I love my country. Of all the traits instilled in me by my Mom and Dad, a sense of patriotism is among the ones I hold most dear. I’m free to express my opinions and pursue a career I wouldn’t be able to in most other nations throughout human history. I’m inordinately blessed to be an American today. That Patriotism also requires a look back at the saddest chapters of my country’s history. Today is one such milestone, and one I was alive for.
September 11th, 2001 is a day marked by fear and pain. I was only seven years old that day, but I knew as it unfolded that something horrible happened. I grew up in West Hartford, CT. It’s a border town. It’s 50/50 between Red Sox fans (New England/Massachusetts based folks) and Yankee fans (New York based). I knew people who’s parents worked in the World Trade Center or had family in New York. I didn’t know any of them, but my parents had coworkers and business associates who lived in and worked in the city. I was aware that my mom and dad went to New York for business. And my grandparents (Mom’s side and obviously knew well) were native New Yorkers from Manhattan. I myself am a son of New England, but I have my share of New York connections.
I remember seeing the teachers of my school seeming distressed that day. I think they knew what we would come to remember 9/11 for before us kids did. We went home early. I could walk to my elementary school, and walked home by myself. When I got back, I walked into our den where my brother and Au Pair were parked in front of the television. I turned the corner and saw the second tower come down. I don’t remember if it was live or if it was a clip of an earlier happening. But regardless, I didn’t fully understand what I saw, but I knew it was awful. Our Au Pair, who normally was pretty talkative was completely silent, shocked by what we all saw.
My dad regularly talks about how they wheeled out televisions into their office, unusual to have in 2001, to watch the ongoing news. My mom was abroad, traveling to Poland. She was intending on traveling back the next morning, on her birthday no less, and was stuck in Poland for a week after the attacks.
Beyond the immediate aftermath, I grew up in a political world shaped by that day and the reaction to it. I still remember debates about how to conduct the War on Terror, discussion around the 9/11 attacks in the 2004 election cycle, and the days when Saddam Hussein and Osama Bin Ladin were captured and killed. It is the single most significant and impactful day, politically and practically speaking, I’ve ever experienced. I recently had the chance to remember and reflect on that day at Ground Zero.
Back in August, I covered The Northern Trust golf tournament held at Liberty National Golf Club in Jersey City. There are spectacular views of downtown Manhattan from all over the course, most notably from the 18th fairway (where this picture is from). It’s the most distinct and famous skyline in the world. The Freedom Tower is a beautiful piece of that skyline today, almost an iconic piece along with the Chrysler Building or the Empire State Building. Even still, there still is a visual hole in the string of buildings with just one tower that looks different from the original Twin Towers. I don’t have a clear memory of seeing NYC before 9/11. But even I can tell there’s a hole that shouldn’t be there.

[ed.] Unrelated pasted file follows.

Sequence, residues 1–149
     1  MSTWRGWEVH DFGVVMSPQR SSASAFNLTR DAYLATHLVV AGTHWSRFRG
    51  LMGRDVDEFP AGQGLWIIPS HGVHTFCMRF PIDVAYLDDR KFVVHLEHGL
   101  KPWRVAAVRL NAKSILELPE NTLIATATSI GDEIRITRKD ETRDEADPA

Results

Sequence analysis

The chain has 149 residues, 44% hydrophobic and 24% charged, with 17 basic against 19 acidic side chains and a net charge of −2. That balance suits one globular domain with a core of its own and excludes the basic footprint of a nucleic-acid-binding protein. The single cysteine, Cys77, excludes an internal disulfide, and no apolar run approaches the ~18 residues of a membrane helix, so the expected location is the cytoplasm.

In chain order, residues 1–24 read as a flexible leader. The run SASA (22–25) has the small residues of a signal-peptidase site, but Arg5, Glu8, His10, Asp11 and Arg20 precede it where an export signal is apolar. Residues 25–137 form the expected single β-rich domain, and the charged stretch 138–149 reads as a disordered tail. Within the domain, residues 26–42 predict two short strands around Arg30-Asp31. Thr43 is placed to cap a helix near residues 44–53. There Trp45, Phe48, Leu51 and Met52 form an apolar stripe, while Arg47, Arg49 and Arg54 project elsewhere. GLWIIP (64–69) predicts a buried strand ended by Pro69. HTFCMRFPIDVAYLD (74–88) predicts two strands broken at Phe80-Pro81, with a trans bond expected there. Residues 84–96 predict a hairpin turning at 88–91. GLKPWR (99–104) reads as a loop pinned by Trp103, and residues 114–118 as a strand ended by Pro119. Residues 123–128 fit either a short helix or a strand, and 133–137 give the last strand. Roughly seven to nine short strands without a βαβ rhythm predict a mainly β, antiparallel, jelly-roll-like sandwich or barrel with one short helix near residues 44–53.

On an early day of the week, when it was just practice and interviews, and after I submitted my pieces for the day, I took a trip into lower Manhattan and went to the World Trade Center. I had been there only once before, back in 2006, as part of a family trip. And it was a construction site back then. The Memorial fountains weren’t installed and the Museum wouldn’t be opened for another eight years. But it was still harrowing to imagine that bustling stretch of New York under siege by hijacked commercial airliners. Since then, the National 9/11 Memorial and Museum opened and serve as a beautiful reminder of the terror and heroism on display that day.
I didn’t get to the museum. It had closed for the day and my friend who works there was out of the country. But seeing the memorials and the fountains in the footprints of the Twin Towers was a harrowing experience. The air around there is somber. The memory of the day and what existed before 8:46 AM has never left the area. Seeing the memorials and names of the workers in the buildings, pilots and crew on the planes, the police, Port Authority officers, and firefighters is a gutting thing. The site is so beautifully maintained. Yet, I could not help but imagine hearing the sounds crashing planes, fearful pedestrians, and falling metal that have been seared into my memory from all the news clips and documentaries of the day. The contrast of the sounds with the present day site is a remarkable contrast, and an inseparable one for me, despite being 122 miles away from Ground Zero that day.
Reflecting on 9/11 is sad. I didn’t directly know any of the victims, But my country was irreparably changed that day. And it’s impossible to look at the pictures and names and not be saddened by how raw the day was. It from the first hijacking to the second tower collapsing (a time which included the Pentagon attack and the United 93 crash in Shanksville) was only about two and a half hours. And the world changed permanently in that time.
It’s also invigorating in a way. The heroism of the firefighters, police officers, people like Welles Crowther, the amazing civilians on Flight 93, and many more are a wonderful reminder of how much good exists and how the human spirit is resilient. May God be with the families of the victims this day and forever. And God bless the United States of America.